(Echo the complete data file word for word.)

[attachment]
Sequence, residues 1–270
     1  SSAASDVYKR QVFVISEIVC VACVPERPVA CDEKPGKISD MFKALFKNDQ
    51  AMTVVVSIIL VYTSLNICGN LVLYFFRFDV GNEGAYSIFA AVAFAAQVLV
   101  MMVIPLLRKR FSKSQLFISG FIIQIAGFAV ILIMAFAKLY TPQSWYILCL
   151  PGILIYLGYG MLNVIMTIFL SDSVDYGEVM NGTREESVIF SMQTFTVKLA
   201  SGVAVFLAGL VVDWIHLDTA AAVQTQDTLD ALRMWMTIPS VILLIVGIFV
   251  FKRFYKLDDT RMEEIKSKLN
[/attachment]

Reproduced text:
Sequence, residues 1–270
     1  SSAASDVYKR QVFVISEIVC VACVPERPVA CDEKPGKISD MFKALFKNDQ
    51  AMTVVVSIIL VYTSLNICGN LVLYFFRFDV GNEGAYSIFA AVAFAAQVLV
   101  MMVIPLLRKR FSKSQLFISG FIIQIAGFAV ILIMAFAKLY TPQSWYILCL
   151  PGILIYLGYG MLNVIMTIFL SDSVDYGEVM NGTREESVIF SMQTFTVKLA
   201  SGVAVFLAGL VVDWIHLDTA AAVQTQDTLD ALRMWMTIPS VILLIVGIFV
   251  FKRFYKLDDT RMEEIKSKLN